Hundreds of opposition supporters gathered in the Angolan capital Luanda on Saturday to protest against changes to the electoral law that they say will undermine the transparency of next year's general election.
President Joao Lourenço introduced a bill this week to centralise the counting of votes instead of doing it at the level of each municipality and province.
All opposition MPs abstained or voted against the reform, but they had little influence in a parliament largely dominated by the ruling Popular Movement for the Liberation of Angola (MPLA).
The main opposition party, Unita (National Union for the Total Independence of Angola), organised a march on Saturday, supported by other political movements and civil society groups, to demand "free and fair elections".
Unita proposed a series of measures to prevent alleged fraud, including biometric identification of voters and the involvement of civil society in the counting of ballots.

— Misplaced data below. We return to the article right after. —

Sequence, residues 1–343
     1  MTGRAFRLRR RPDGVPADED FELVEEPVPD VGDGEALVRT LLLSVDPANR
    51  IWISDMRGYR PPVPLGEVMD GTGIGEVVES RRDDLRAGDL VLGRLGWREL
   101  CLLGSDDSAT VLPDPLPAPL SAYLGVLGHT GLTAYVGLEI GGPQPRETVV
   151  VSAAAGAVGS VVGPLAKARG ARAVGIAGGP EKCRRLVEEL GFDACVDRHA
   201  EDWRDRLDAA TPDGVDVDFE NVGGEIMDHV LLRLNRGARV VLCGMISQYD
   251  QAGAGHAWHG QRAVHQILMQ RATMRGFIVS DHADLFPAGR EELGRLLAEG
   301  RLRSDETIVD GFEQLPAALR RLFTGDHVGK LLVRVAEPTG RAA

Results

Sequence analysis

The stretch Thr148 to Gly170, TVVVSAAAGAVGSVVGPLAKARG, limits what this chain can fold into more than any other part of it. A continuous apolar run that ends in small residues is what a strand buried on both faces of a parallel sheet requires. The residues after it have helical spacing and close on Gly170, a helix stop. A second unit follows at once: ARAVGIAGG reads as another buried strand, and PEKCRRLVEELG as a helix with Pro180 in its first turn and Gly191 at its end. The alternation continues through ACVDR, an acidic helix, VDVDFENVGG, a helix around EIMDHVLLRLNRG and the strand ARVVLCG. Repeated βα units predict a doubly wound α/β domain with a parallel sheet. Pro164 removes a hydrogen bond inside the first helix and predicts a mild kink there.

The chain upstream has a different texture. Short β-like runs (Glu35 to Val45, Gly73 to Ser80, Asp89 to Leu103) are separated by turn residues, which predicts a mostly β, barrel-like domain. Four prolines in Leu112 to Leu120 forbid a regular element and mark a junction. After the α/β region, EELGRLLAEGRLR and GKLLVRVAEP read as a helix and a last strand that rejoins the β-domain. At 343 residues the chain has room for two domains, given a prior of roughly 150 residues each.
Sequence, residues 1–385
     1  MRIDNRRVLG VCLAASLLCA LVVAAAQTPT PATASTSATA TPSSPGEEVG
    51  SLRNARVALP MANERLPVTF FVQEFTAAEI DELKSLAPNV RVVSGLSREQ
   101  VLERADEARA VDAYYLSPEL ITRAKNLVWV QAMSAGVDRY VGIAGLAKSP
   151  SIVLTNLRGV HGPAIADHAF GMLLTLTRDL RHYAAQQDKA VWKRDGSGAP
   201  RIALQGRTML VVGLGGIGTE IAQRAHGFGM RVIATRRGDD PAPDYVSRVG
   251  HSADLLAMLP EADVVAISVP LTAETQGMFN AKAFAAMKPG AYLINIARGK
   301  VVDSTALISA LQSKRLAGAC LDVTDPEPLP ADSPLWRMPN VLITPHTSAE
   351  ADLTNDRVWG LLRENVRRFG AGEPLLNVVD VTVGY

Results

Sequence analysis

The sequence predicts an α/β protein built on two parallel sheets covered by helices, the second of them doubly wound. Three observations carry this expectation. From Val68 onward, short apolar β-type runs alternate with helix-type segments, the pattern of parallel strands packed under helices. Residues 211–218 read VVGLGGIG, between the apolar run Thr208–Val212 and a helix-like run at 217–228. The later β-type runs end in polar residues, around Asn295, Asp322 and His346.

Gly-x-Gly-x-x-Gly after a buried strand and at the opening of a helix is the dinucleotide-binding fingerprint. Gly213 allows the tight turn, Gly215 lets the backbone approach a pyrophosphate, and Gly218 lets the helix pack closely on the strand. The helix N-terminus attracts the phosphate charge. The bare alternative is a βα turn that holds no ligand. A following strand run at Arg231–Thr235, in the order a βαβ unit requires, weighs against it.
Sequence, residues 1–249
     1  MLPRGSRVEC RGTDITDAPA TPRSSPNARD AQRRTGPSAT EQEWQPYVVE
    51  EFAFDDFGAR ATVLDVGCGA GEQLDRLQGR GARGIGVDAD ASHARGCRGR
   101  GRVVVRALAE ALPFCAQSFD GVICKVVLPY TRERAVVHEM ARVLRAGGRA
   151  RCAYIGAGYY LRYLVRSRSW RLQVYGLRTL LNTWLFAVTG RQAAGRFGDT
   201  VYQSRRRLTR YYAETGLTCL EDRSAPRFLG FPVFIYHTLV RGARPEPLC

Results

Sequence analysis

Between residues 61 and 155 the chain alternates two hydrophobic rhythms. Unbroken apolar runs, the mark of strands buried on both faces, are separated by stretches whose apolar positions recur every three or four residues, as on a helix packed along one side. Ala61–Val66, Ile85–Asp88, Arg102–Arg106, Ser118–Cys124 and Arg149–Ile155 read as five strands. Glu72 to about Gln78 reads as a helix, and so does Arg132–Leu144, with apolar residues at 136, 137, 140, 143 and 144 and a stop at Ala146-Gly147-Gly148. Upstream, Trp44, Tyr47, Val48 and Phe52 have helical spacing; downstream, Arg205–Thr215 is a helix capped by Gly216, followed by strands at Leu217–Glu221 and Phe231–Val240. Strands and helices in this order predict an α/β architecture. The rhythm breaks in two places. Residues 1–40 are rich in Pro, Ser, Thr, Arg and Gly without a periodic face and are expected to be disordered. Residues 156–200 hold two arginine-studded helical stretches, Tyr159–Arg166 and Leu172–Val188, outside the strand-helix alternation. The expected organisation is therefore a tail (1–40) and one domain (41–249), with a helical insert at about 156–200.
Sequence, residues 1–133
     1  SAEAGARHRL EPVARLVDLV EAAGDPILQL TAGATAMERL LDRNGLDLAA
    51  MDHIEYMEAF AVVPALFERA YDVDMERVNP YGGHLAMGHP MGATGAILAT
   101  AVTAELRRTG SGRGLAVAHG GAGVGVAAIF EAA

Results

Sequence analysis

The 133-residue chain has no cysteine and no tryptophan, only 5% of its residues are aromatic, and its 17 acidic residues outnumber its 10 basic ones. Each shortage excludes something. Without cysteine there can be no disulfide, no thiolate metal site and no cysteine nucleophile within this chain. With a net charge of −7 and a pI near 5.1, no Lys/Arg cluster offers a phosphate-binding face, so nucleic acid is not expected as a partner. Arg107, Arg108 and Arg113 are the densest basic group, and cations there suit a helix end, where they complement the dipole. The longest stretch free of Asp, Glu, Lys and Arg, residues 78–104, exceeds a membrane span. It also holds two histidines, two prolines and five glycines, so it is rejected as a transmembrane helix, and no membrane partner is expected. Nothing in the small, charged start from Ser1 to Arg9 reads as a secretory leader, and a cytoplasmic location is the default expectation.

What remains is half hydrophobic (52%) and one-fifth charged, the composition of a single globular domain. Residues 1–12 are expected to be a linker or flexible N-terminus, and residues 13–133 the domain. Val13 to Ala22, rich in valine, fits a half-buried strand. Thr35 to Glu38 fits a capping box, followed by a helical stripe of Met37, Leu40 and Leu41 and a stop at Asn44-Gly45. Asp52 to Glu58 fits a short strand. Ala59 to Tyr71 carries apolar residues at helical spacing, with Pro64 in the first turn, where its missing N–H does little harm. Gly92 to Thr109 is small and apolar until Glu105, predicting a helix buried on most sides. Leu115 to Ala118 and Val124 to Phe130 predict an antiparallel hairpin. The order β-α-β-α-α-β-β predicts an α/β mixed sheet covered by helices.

Hundreds of demonstrators gathered in the capital, waving Unita and Angolan flags while chanting "MPLA get out" in Portuguese.
They marched through the city centre holding placards that read: "Demand our rights" and "We want biometric control". Police armed with batons surrounded the demonstration.
Meanwhile, Lourenço has also sparked controversy for wanting to change another electoral law, which he recently submitted to the National Assembly with suggested amendments.
Elected in 2017 after his predecessor, Jose Eduardo dos Santos, stepped down after a 38-year reign, Joao Lourenço is expected to seek a second term in the 2022 presidential, parliamentary and local elections.
The MPLA has ruled the African country since its independence from Portugal in 1975.